2. When the page loads, we actually see what products are visible on the page (ones “above the fold” or where the user can actually see them) and add only those products to the DataLayer for product impressions. Now we don’t send any other product impressions unless they are actually visible to the user.
    3. Once the user starts to scroll, we start capturing all the products that haven’t been seen before. We continue to capture these products until the user stops scrolling for a certain amount of time.
    4. We then batch all of those products together and send them to the DataLayer as product impressions. 
    5. If the user starts to scroll again, we start checking again. However, we never send the same product twice on the same page. If they scroll to the bottom then back up, we don’t send the first products twice.
    Using our example on the “Linen” search results, right away we would send product impressions for the first 16 products. Then, let’s say the user scrolled halfway down the page and stopped. We would then send product impressions for products 18 through 40. The user then scrolls to the bottom of the page so we would send product impressions for 41 through 63. Finally the user scrolls back to the top of the page before clicking on the first product. No more impressions would be sent as impressions for all products have already been sent.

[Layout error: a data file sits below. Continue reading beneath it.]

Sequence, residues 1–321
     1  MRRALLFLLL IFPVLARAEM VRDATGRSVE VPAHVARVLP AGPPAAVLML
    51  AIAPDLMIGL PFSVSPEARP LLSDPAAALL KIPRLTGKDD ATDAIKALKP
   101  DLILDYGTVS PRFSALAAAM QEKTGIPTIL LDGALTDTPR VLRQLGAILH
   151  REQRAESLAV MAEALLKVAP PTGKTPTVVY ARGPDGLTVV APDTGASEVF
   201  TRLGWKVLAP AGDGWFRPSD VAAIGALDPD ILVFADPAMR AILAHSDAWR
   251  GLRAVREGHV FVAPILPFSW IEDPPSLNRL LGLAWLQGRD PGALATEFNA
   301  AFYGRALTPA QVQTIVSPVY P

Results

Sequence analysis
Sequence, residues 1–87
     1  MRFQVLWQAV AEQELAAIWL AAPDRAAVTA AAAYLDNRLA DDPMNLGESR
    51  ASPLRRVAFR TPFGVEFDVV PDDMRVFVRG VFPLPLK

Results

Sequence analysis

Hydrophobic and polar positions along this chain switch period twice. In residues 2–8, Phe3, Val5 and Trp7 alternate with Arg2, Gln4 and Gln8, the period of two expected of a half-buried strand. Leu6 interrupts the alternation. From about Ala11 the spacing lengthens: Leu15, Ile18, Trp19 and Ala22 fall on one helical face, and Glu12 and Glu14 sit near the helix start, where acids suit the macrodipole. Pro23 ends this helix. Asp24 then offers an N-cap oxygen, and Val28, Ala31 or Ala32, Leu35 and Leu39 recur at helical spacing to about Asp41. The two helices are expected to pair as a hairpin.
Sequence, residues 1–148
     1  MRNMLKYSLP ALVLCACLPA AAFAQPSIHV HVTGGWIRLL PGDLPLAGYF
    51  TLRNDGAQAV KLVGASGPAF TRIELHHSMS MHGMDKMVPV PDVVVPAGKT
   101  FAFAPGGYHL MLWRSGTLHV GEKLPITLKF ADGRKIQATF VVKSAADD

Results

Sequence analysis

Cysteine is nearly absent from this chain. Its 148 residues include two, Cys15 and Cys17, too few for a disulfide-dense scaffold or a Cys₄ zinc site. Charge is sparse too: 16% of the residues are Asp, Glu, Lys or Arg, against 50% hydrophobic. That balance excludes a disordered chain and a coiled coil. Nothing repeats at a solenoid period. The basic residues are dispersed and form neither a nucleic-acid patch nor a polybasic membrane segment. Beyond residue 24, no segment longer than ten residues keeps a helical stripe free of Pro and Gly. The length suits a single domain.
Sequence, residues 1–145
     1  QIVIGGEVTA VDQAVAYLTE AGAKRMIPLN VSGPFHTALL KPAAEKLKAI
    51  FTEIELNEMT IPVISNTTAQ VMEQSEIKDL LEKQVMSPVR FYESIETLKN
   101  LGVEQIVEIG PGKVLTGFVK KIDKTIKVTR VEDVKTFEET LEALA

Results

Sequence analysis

The result: Product impressions are only sent as users actually navigate through the pages and can see the products. This is a much more accurate form of product impression tracking since it reflects actual user navigation. 
    Next steps: for the technical how-to guide + code samples, please see this post on the InfoTrust site.

    An update on Eclipse Android Developer Tools

    Posted by Jamal Eason, Product Manager, Android

    Over the past few years, our team has focused on improving the development experience for building Android apps with Android Studio. Since the launch of Android Studio, we have been impressed with the excitement and positive feedback. As the official Android IDE, Android Studio gives you access to a powerful and comprehensive suite of tools to evolve your app across Android platforms, whether it’s on the phone, wrist, car or TV.

    To that end and to focus all of our efforts on making Android Studio better and faster, we are ending development and official support for the Android Developer Tools (ADT) in Eclipse at the end of the year. This specifically includes the Eclipse ADT plugin and Android Ant build system.

    Time to Migrate

    If you have not had the chance to migrate your projects to Android Studio, now is the time. To get started, download Android Studio. For many developers, migration is as simple as importing your existing Eclipse ADT projects in Android Studio with File → New→ Import Project as shown below:

    For more details on the migration process, check out the migration guide. Also, to learn more about Android Studio and the underlying build system, check out this overview page.

    Next Steps

    Over the next few months, we are migrating the rest of the standalone performance tools (e.g. DDMS, Trace Viewer) and building in additional support for the Android NDK into Android Studio.